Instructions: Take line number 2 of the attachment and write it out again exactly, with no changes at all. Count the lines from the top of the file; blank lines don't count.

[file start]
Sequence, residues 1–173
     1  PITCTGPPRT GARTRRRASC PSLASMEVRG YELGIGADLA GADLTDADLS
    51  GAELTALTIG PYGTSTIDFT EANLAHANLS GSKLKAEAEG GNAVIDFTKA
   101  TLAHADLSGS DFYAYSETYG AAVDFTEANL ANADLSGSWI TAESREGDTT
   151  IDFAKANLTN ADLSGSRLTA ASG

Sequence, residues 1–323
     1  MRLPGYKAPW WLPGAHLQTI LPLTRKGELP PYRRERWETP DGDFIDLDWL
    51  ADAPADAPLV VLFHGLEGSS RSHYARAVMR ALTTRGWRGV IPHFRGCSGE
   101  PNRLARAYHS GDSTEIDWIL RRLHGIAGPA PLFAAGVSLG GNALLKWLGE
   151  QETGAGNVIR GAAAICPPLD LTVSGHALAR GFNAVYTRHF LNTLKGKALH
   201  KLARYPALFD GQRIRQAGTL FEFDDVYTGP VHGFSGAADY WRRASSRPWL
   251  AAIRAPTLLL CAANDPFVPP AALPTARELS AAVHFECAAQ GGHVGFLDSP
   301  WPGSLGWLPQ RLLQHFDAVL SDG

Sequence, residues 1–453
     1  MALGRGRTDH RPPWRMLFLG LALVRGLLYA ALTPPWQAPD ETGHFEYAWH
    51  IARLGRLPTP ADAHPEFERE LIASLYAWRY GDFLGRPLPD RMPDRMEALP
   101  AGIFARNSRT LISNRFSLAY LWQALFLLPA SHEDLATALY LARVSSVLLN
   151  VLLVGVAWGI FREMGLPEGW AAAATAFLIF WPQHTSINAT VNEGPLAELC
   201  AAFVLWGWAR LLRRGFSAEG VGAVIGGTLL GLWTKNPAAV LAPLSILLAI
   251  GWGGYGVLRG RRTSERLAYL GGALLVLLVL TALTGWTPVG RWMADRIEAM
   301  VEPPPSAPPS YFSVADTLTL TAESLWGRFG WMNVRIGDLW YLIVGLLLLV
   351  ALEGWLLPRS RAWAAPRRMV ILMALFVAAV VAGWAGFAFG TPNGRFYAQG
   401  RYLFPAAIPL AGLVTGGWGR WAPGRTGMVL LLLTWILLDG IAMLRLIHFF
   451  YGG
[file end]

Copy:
     1  PITCTGPPRT GARTRRRASC PSLASMEVRG YELGIGADLA GADLTDADLS